How Security Guards Can Help
If your business experiences a crisis incident, security officers can reduce the impact and improve outcomes. In a Stanford study that compared response times in 40 police agencies, the mean response time for a high-priority event was 24 minutes. With security officers on site, those 24 minutes could be better utilized. While waiting for law enforcement to arrive, security officers can try to deescalate the situation using nonviolent crisis intervention tactics and engage in crisis management to help keep your staff and visitors safe. Security officers are trained to help in many ways during a crisis.
An experienced officer sees and hears much more than is apparent. An officer has been trained to tell when an employee or visitor is acting in a suspicious manner. They can hone in on suspicious sounds or silences that signal a change in the usual activity.
The mere presence of a security officer and cameras can deter some behaviors that could lead to a crisis. In a 2017 study published in PLOS One, the analysis showed that security officers at train stations led to a 16% reduction in victim-generated crimes.
Security officers can coordinate with virtual guards, who have a 360° view of the premises via surveillance cameras placed strategically around the property. Video analytics can pick up the sounds of angry or scared voices, broken glass or other indications of potentially volatile situations. Virtual guards can direct security officers to the right location immediately, saving time and ensuring a quick response.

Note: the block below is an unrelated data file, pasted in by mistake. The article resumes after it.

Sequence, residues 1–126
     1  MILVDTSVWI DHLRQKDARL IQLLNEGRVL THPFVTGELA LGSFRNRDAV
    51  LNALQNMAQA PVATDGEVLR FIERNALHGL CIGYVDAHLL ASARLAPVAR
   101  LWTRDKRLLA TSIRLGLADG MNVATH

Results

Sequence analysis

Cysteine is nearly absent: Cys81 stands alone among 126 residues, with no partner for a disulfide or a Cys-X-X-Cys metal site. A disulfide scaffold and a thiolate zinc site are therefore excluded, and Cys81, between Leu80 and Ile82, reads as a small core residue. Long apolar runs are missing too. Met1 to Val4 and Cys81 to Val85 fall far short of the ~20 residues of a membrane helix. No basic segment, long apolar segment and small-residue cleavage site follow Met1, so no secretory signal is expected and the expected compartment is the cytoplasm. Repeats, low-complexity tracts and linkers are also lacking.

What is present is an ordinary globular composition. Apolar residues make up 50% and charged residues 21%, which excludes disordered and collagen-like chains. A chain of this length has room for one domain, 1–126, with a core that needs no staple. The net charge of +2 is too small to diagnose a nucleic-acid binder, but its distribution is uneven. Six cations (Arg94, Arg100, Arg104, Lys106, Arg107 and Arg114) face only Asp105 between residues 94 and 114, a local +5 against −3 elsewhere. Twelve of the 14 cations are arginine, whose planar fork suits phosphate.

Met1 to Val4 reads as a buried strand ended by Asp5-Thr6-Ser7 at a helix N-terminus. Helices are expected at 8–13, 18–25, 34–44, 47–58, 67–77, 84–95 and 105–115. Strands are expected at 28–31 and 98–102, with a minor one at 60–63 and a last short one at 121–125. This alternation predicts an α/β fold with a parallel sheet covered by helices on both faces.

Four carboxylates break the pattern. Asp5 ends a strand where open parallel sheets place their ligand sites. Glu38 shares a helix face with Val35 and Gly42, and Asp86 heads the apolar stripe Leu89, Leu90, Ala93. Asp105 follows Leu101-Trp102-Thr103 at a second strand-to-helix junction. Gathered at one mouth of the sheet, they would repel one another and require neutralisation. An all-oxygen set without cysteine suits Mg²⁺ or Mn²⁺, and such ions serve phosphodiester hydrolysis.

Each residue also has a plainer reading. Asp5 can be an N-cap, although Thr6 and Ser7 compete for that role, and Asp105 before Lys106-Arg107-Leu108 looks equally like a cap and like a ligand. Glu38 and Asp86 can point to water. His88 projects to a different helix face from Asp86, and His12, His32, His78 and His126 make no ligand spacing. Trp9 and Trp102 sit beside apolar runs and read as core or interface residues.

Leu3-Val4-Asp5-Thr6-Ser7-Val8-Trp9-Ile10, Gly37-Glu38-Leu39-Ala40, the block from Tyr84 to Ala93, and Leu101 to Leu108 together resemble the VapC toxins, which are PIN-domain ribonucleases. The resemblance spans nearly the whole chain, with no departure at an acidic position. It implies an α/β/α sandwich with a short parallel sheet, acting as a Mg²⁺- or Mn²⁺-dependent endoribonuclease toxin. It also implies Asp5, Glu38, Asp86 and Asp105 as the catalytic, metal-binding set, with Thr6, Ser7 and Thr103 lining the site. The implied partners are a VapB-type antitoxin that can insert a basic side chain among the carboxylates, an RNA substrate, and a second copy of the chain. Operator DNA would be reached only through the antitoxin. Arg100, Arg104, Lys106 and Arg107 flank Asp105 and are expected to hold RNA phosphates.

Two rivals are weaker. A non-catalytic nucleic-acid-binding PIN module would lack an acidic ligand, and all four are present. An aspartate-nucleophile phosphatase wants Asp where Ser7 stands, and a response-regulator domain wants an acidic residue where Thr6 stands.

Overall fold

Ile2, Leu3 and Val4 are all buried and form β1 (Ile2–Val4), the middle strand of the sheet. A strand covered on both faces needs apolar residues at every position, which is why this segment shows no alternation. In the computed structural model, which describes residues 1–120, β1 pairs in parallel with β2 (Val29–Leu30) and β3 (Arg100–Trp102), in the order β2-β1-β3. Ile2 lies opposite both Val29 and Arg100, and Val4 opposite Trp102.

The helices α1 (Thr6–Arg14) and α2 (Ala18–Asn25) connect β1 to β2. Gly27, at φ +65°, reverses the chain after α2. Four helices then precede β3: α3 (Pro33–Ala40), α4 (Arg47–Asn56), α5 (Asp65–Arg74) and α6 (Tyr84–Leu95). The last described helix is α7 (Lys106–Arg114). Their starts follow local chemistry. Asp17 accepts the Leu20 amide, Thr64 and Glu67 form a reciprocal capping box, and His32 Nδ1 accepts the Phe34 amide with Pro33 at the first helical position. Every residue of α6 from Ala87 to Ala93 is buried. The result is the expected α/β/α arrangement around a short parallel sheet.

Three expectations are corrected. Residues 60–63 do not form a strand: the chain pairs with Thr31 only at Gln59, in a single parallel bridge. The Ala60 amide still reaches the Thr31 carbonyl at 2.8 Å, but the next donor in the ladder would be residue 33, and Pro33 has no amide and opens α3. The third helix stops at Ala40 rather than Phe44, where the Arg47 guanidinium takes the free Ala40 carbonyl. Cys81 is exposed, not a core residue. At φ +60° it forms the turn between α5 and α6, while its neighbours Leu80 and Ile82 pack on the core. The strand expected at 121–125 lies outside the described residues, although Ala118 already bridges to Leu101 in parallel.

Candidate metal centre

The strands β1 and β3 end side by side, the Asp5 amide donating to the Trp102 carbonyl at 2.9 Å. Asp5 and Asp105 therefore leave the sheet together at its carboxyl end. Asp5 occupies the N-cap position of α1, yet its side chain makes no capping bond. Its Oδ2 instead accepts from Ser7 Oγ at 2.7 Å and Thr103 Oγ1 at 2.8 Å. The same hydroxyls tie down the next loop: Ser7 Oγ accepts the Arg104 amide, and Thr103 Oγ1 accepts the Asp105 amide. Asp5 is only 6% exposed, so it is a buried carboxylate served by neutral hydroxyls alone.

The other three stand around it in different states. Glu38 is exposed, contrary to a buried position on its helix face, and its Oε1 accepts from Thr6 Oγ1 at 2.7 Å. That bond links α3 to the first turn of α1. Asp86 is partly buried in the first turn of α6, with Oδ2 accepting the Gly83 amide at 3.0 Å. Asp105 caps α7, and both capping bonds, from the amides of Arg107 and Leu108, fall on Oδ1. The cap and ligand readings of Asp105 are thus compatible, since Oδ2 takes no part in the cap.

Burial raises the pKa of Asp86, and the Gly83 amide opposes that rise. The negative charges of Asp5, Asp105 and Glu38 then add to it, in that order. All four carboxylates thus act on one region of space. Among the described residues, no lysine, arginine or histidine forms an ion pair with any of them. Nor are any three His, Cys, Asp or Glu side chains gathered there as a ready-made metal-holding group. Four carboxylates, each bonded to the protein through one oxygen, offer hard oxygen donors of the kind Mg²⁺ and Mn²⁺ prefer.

Security officers can help carry out emergency response plans, and can even help to ensure that building occupants are trained on and practice these response plans. Things like fire drills may seem like an interruption in a busy day, but they are essential for managing a crisis. The National Fire Protection Association recommends regular fire drills, as well as overall fire preparedness training for staff and occupants of commercial properties.
In the event of a crisis, security officers can direct people to exits as needed and check to see if the building has been fully evacuated. They can help create an orderly flow, so people aren’t injured during the evacuation.
Nonviolent Crisis Intervention
Security officers are trained in nonviolent intervention techniques so they can resolve situations before they escalate. Proven techniques help guide interactions through a series of steps to control the situation. Officers will begin with a psychological assessment and move through a series of responses based on the evaluation. Recognizing such behaviors early will help steer the officer toward the appropriate response.
Through a calm, focused response, officers can reduce threats and lead people to safety. In the aftermath of a crisis, security officers are also critical. In the short term, officers can interface with emergency personnel and medical services and work crowd control to manage the situation.
Long-term, security officers can secure the scene for investigation and work with the criminal justice system to support prosecutions. They are trained to testify in court if necessary. A crucial part of crisis management is an after-action analysis, and security officers can contribute to this process.